Faced with censorship and in financial difficulty, the philosophers often resorted to the protection of aristocrats and patrons: Chrétien Guillaume de Lamoignon de Malesherbes and Madame de Pompadour, chief mistress of Louis XV, supported Diderot. Marie-Thérèse Rodet Geoffrin (1699 – 1777) paid part of the publishing costs of the Encyclopédie. From 1749 to 1777 she held a fortnightly salon, inviting artists, intellectuals, men of letters and philosophers. The other great salon of the time was that of Claudine Guérin de Tencin. In the 1720s, Voltaire exiled himself in England, where he absorbed Locke's ideas.

The philosophers were, in general, less hostile to monarchical rule than they were to that of the clergy and the nobility.[19] In his defence of Jean Calas, Voltaire defended Royal justice against the excesses of fantastical provincial courts.[20] Many European monarchs – Charles III of Spain, Maria Theresa of the House of Habsburg, Joseph II, Holy Roman Emperor, Catherine II of Russia, Gustave III of Sweden – met with philosophers such as Voltaire, who was presented to the Court of Frederick the Great, and Diderot, who was presented to the Court of Catherine the Great. Philosophers such as d'Holbach were advocates of "enlightened absolutism"[21] in the hope that their ideas would spread more quickly if they had the approval of the Head of State. Subsequent events would show the philosophers the limits of such an approach with sovereigns who were plus despotes qu’éclairés, "more absolutist than enlightened".[22] Only Rousseau stuck rigidly to the revolutionary ideal of political equality.[23]

Notable members[edit]

France[edit]
World[edit]

Dissemination[edit]

The spread of literacy and reading[24][25] allowed the development of what may be called an espace public, "public space"; intellectual and political debate was no longer confined to the inner circle of the administrative class and the élite, encompassing larger parts of society. This process of dissemination of new ideas was increased by new methods of communication. Parts of the Encyclopédie, were read by the nobility and the upper class in literary salons, with those present giving their opinions on the writings of philosophers. Newspapers and the postal service allowed a more rapid exchange of ideas throughout Europe, resulting in a new form of cultural unity.

Encylopédistes[edit]

Jean le Rond d’Alembert (1753) by Maurice Quentin de La Tour

A second important change by the Lumières movement, looking back to the previous century, had its origin in France with the Encyclopédistes. This intellectual movement supported the idea that there was a structural model of both scientific and moral knowledge, that this model was innate and that its expression was a form of human liberation.[26] Starting 1751, Denis Diderot and Jean le Rond d'Alembert published the Encyclopédie ou Dictionnaire raisonné des sciences, des arts et des métiers ("Systematic Encyclopaedia or Dictionary of Science, Arts and Crafts"). This raised questions on who should have the liberty to get hold of such information; the Press played an important role in the dissemination of ideas during the French Revolution.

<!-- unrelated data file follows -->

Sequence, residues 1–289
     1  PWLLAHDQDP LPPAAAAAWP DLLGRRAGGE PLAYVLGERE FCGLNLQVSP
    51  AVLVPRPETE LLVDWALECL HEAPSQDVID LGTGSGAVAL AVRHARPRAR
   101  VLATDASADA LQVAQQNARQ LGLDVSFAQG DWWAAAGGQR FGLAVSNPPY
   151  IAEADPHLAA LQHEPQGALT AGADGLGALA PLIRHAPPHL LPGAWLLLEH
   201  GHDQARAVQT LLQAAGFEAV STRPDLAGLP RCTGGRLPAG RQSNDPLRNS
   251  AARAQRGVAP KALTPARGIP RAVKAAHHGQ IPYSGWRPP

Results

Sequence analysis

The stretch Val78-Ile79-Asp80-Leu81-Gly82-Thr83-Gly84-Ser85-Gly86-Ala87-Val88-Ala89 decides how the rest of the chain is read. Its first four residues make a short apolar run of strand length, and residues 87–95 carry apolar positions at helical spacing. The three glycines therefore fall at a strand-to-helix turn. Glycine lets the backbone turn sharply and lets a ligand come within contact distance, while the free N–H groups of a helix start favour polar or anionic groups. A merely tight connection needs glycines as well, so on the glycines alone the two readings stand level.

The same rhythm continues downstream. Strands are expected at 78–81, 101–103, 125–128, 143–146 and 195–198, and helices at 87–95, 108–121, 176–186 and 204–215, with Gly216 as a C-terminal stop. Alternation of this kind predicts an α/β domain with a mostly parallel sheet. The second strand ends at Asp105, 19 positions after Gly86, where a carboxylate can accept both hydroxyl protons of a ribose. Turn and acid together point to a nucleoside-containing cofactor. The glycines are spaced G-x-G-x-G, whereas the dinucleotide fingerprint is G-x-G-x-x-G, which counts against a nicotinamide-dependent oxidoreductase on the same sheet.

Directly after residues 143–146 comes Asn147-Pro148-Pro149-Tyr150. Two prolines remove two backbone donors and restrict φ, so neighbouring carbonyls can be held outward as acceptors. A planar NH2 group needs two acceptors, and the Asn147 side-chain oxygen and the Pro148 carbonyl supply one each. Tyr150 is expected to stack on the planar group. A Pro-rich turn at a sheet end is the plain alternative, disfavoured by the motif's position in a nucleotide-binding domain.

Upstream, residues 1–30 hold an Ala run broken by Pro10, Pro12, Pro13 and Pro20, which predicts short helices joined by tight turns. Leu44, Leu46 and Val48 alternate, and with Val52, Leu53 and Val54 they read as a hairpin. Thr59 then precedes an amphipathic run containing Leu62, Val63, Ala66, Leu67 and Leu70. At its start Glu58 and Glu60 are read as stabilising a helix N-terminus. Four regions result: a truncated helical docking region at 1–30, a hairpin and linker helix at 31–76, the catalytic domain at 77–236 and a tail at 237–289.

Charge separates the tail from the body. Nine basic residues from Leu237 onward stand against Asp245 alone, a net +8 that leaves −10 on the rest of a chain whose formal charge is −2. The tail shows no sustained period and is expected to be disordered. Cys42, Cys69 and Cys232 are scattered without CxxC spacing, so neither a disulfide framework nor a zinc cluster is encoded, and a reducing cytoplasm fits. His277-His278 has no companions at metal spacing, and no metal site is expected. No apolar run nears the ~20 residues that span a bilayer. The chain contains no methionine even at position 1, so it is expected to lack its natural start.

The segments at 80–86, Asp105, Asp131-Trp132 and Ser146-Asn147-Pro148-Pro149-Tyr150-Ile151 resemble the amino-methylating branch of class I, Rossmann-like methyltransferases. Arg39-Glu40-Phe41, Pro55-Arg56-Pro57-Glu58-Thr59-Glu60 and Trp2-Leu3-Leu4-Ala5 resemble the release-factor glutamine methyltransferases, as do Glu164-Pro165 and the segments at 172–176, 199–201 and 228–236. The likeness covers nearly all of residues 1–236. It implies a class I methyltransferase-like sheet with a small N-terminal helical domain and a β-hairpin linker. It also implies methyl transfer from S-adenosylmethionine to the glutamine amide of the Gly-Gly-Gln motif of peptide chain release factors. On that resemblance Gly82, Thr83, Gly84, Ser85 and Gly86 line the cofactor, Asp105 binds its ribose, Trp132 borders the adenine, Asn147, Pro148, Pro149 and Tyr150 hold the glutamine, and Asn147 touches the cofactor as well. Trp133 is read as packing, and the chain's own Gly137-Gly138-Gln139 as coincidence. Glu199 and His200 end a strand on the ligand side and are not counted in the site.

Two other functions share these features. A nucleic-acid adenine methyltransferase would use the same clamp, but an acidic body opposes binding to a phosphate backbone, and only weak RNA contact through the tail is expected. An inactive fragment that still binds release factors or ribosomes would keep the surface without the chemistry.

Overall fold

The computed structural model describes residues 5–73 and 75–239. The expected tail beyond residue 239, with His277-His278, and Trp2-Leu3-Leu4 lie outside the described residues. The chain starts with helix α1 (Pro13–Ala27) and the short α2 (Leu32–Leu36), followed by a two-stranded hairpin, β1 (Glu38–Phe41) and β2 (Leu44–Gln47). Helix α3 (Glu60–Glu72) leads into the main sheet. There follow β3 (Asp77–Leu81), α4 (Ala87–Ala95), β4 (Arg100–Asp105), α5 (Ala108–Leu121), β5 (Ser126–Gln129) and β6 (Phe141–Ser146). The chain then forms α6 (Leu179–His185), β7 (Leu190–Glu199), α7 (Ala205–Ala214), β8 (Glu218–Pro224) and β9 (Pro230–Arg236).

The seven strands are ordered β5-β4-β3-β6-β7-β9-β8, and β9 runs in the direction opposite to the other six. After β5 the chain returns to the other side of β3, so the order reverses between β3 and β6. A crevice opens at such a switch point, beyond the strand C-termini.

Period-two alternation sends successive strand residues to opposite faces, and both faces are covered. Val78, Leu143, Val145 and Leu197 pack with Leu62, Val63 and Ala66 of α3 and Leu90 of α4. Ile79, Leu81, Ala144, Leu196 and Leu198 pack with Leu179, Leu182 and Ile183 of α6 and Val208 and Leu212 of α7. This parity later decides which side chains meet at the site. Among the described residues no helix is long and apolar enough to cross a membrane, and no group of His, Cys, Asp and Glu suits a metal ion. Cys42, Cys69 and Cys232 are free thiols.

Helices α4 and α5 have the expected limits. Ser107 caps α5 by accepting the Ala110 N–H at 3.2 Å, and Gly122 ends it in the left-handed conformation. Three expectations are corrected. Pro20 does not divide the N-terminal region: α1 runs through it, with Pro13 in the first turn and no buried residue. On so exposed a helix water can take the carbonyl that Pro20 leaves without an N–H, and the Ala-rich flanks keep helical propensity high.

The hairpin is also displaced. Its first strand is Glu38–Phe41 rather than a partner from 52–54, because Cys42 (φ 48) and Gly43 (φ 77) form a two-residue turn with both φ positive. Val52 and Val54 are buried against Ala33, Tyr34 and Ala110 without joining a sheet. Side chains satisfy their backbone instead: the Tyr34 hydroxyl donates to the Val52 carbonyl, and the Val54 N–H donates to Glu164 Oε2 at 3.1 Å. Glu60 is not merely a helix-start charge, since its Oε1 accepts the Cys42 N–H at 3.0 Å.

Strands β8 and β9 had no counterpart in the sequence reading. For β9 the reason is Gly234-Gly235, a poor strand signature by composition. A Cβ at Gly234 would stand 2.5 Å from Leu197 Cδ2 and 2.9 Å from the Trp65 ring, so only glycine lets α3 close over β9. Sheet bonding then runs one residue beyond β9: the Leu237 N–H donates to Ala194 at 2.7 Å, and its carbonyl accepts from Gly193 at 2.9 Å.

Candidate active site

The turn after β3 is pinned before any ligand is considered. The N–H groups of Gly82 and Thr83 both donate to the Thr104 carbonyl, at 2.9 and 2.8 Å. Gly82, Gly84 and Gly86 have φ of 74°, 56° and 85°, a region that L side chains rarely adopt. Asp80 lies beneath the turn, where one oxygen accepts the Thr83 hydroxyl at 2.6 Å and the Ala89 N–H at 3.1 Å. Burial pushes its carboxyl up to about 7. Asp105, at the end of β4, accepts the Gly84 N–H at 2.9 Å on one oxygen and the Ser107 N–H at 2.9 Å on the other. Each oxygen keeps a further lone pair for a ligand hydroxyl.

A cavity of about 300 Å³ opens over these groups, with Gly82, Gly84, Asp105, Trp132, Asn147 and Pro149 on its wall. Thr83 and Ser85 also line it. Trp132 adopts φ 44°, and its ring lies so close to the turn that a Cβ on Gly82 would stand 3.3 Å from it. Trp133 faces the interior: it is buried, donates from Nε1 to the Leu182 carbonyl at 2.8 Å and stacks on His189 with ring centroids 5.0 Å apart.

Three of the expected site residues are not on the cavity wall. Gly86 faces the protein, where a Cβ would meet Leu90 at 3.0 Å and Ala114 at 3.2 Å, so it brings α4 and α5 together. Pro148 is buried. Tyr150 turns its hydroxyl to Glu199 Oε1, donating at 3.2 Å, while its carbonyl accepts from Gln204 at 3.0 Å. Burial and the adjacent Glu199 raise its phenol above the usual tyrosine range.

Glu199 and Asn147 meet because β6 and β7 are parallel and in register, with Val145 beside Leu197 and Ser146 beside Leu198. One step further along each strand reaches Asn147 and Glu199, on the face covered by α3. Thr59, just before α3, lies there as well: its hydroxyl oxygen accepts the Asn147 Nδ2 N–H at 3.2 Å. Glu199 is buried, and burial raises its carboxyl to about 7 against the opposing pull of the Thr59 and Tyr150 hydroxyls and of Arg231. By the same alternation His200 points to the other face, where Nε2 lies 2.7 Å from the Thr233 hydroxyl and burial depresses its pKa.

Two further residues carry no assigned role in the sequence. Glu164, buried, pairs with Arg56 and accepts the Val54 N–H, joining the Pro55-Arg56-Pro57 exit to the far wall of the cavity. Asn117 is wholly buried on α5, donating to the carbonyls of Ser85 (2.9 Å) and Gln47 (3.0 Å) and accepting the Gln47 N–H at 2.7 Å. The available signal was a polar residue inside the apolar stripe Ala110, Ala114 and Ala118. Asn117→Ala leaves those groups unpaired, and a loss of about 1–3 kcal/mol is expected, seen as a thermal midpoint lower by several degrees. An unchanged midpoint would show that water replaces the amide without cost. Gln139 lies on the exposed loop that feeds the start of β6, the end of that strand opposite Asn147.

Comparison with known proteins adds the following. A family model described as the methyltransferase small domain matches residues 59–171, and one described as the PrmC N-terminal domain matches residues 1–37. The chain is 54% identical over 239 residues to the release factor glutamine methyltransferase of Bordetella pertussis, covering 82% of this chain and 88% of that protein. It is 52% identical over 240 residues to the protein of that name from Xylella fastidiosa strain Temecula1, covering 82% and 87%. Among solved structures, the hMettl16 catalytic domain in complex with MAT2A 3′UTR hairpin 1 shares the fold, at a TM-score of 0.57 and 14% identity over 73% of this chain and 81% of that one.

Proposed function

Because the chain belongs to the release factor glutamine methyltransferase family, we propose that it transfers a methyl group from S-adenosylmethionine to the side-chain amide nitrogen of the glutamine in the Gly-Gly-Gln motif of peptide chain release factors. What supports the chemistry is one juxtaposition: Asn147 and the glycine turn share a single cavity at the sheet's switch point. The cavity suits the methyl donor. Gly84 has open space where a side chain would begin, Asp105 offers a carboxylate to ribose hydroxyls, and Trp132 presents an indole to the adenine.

Salons and cafés[edit]

Une soirée chez Madame Geoffrin (1812) by Anicet Charles Gabriel Lemonnier

At first, literary cafés such as the Café Procope in Paris, were the favoured night-time haunt of young poets and critics, who could read and debate, and bragg about their latest success in the theatre or bookshops. But these were eclipsed by salons littéraires (Literary cafés), open to all who had some talent, at least for public speaking. Their defining characteristic was their intellectual mix; men would gather to express their views and satisfy their thirst for knowledge and to establish their world-view. But it was necessary to be "introduced" into these salons: grandes dames received artists, thinkers and philosophers. Each hostess had her day, her speciality and her special guests. The model example is the hotel of Madame de Lambert (Anne-Thérèse de Marguenat de Courcelles) at the turn of the century.

Talented men regularly decamped there to expound their ideas and test their latest work on a privileged public. Worldly and cultured, the grandes dames who set up these salons enlivened the soirées, encouraging the timid and cutting short arguments. Having strong, relatively liberated personalities, they were often writers and diarists themselves.

This social mixing was particularly prominent in 18th-century France, in the "États Généraux de l’esprit humain" ("General States of Human Spirit") where the Lumières philosophy flourished. Some cultured women were treated as equal to the men on questions of religion, politics and science, and could bring a certain stylishness to debate, for example the contributions of Anne Dacier to the Quarrel of the Ancients and the Moderns, and the works of Émilie du Châtelet.

Academies, libraries and clubs[edit]

La Lecture (c. 1770) by Jean-Honoré Fragonard

The Académies were learned societies which were formed to collate and disseminate works of literature and science. In France, several Royal institutions were set up in the 17th century (the Académie française in 1634; the Académie des inscriptions et belles-lettres in 1663; the Académie royale des sciences in 1666; the Académie royale d'architecture in 1671),; other societies were set up in Paris, such as the Académie nationale de médecine in 1731 and the Académie nationale de médecine in 1776. Clergy and, to a lesser extent, nobility formed the majority of the membership.

Provincial societies acted to bond together the intellectual élite of French towns. Their social composition shows that privileged men were less prominent than in Paris: 37% from the nobility, 20% from the Church. Commoners represented the other 43%. Merchants and manufacturers were a small minority (4%).